Horn or other sound signal must not be used except as a warning signal.
     *      *      *      *      *


On observing others on a train:

From "Short Circuits", by Stephen Leacock 1928
Inference as an art: how even the amateur may forge a chain of logic:

"Yet bit by bit I made progress. I observed that the lady presently took out a newspaper, and holding it right side up, remained for some time with her eyes fixed upon it. I inferred from this that she could read and write."


On the Press:

A friend (who would rather remain anonymous) once said:

"The people in the Press haven't got a clue. They are what they call clueless."


On Mum:

David Martin, in his book
Fox on my Door - A journey through my life:

"Yes, the company is first rate: Mary, the doctor's wife, a darling lady who had the loveliest giggle east of the Hume Highway"


On mathematics:

From "Chambers's Seven-Figure Mathematical Tables",
edited by James Pryde (F.E.I.S.) 1946 - Page 41:

No.

0

1

2

3

4

5

6

7

8

9

Diff

2750

439 3327

3485

3643

3801

3959

4116

4274

4432

4590

4748

51

4906

5064

5222

5379

5537

5695

5853

6011

6169

6326

158

52

6484

6642

6800

6958

7115

7273

7431

7589

7747

7904

1 16

53

8062

8220

8378

8535

8693

8851

9009

9166

9324

9482

2 32

54

9639

9797

9955

0112

0270

0428

0585

0743

0901

1058

3 47

55

440 1216

1374

1531

1689

1847

2004

2162

2319

2477

2635

4 63


On early Canberra:

from:

THE PARLIAMENT OF THE COMMONWEALTH OF AUSTRALIA
CANBERRA NATIONAL MEMORIALS COMMITTEE
REPORT
in regard to
NAMING OF CANBERRA'S STREETS AND SUBURBS.
14th December 1927

"In the centre of the City is an eminence dominating the surrounding landscape which is known as 'Capitol Hill'. This is the site which has been reserved for the erection, some day, of a monumental building, probably for housing national archives or perhaps as a temple to honour great Australians or to commemorate Australian achievements, and it may mean to the Australian nation what the Pantheon in Paris is to the French Nation."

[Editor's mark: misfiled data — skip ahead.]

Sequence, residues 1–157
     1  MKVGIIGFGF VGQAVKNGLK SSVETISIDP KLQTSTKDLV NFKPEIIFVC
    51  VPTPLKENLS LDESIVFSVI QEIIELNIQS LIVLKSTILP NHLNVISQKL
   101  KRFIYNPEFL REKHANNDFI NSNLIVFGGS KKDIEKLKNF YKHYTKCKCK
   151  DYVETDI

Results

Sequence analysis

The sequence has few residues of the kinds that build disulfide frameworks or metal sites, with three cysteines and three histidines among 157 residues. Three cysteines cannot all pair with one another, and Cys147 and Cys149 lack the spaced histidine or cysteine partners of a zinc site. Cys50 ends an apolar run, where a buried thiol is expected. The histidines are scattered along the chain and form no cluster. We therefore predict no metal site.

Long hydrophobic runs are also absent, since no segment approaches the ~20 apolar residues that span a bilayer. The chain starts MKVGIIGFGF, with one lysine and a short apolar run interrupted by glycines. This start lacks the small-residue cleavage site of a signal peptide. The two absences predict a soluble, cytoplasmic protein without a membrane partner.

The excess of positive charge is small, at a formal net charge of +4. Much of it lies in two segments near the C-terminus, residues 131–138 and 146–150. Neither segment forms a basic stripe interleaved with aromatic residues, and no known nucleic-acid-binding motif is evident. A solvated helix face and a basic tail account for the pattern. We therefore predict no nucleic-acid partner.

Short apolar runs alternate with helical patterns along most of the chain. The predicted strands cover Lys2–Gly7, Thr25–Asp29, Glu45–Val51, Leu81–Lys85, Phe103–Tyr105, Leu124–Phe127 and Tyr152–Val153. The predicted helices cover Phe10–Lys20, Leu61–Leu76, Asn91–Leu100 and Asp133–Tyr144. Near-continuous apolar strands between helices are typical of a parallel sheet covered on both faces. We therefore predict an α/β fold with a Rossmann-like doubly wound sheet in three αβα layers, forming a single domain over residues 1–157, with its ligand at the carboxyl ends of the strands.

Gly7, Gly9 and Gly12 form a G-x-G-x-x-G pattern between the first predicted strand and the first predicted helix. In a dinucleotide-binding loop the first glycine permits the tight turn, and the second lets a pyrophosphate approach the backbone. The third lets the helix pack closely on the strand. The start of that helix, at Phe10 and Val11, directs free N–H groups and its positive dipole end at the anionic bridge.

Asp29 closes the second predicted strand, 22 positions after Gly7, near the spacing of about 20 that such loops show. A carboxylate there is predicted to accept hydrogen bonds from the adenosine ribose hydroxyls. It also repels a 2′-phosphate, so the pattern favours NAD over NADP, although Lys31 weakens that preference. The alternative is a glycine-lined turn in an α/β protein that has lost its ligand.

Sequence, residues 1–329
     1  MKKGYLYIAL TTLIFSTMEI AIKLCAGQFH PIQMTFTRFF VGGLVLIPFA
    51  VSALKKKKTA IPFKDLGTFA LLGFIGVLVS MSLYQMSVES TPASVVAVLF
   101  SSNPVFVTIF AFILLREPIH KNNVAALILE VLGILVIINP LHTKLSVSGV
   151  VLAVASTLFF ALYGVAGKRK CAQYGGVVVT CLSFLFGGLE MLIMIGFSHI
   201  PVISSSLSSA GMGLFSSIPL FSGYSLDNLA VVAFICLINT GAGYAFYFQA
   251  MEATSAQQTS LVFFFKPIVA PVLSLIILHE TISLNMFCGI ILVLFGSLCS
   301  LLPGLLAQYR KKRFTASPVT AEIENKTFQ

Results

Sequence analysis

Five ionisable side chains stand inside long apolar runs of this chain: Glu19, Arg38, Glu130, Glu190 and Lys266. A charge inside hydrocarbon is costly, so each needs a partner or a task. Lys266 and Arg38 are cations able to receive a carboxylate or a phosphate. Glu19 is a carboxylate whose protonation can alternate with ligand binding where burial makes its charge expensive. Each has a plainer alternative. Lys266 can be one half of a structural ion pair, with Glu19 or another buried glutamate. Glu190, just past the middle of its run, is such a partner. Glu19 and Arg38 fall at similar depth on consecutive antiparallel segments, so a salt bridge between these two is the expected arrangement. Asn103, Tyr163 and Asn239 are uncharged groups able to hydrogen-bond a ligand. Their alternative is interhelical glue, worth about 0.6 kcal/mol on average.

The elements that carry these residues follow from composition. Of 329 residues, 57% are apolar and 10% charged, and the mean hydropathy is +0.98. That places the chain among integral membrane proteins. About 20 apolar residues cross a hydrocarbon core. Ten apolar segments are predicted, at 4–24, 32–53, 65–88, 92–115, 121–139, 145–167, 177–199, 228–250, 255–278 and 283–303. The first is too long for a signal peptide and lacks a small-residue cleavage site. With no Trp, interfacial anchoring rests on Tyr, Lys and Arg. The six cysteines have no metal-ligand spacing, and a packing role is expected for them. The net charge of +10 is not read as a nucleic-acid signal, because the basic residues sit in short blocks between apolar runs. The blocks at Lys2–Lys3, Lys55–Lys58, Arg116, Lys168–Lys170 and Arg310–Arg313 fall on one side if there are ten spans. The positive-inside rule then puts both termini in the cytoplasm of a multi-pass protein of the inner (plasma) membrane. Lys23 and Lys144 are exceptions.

On the English Channel:

From "Nonsense Novels", by Stephen Leacock 1942
Soaked in Seaweed: or, Upset in the Ocean (An Old-fashioned Sea Story):

"I know no finer sight, for those who have not seen it, than the English Channel. It is the highway of the world. Ships of all nations are passing up and down, Dutch, Scotch, Venezuelan, and even American.

"Chinese junks rush to and fro. Warships, motor yachts, icebergs, and lumber rafts are everywhere. If I add to this fact that so thick a fog hangs over it that it is entirely hidden from sight, my readers can form some idea of the majesty of the scene."


current (and probably all-time) favourite song:

is a W. B. Yeats poem The Stolen Child:

(Released as a song on The Waterboys 1988 album "Fisherman's Blues")

For he comes, the human child!
To the waters and the wild
With a faery, hand in hand,
From a world more full of weeping than he can understand.


On sex:

Dr. Jane Macquarie, in her book
Below the Belt - an owner's guide to Gynaecology:

As a new doctor I remember asking a woman if she was 'sexually active'. She replied 'No, I just lie there.'


On life in general:

anon (so far as I can ascertain):

To err is human.
To really screw things up requires a computer.
To fuck things up beyond belief and beyond all hope of redemption requires Parliament.


On Canberra:

In around 1920, a writer in the London Punch stated:

"Londoners may be all too aware of the disadvantages of living in a city without a plan, but these cannot be compared with the rival disadvantages of living in a plan without a city."